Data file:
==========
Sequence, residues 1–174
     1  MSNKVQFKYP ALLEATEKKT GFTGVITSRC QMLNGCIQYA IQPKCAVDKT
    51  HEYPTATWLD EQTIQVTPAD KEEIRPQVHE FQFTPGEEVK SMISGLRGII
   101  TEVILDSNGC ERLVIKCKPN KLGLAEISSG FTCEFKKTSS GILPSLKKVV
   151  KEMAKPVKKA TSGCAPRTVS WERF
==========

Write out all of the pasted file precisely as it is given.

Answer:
Sequence, residues 1–174
     1  MSNKVQFKYP ALLEATEKKT GFTGVITSRC QMLNGCIQYA IQPKCAVDKT
    51  HEYPTATWLD EQTIQVTPAD KEEIRPQVHE FQFTPGEEVK SMISGLRGII
   101  TEVILDSNGC ERLVIKCKPN KLGLAEISSG FTCEFKKTSS GILPSLKKVV
   151  KEMAKPVKKA TSGCAPRTVS WERF